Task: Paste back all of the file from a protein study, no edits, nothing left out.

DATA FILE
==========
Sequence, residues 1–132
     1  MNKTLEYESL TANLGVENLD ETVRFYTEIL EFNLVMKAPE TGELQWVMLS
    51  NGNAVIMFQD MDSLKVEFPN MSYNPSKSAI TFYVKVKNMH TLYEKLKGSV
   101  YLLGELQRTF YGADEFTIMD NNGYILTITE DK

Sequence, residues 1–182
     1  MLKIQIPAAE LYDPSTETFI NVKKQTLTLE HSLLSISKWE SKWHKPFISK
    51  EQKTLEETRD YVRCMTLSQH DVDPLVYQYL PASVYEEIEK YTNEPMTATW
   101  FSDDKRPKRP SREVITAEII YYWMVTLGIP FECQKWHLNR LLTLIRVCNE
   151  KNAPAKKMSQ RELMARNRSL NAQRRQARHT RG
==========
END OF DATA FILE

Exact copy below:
Sequence, residues 1–132
     1  MNKTLEYESL TANLGVENLD ETVRFYTEIL EFNLVMKAPE TGELQWVMLS
    51  NGNAVIMFQD MDSLKVEFPN MSYNPSKSAI TFYVKVKNMH TLYEKLKGSV
   101  YLLGELQRTF YGADEFTIMD NNGYILTITE DK

Sequence, residues 1–182
     1  MLKIQIPAAE LYDPSTETFI NVKKQTLTLE HSLLSISKWE SKWHKPFISK
    51  EQKTLEETRD YVRCMTLSQH DVDPLVYQYL PASVYEEIEK YTNEPMTATW
   101  FSDDKRPKRP SREVITAEII YYWMVTLGIP FECQKWHLNR LLTLIRVCNE
   151  KNAPAKKMSQ RELMARNRSL NAQRRQARHT RG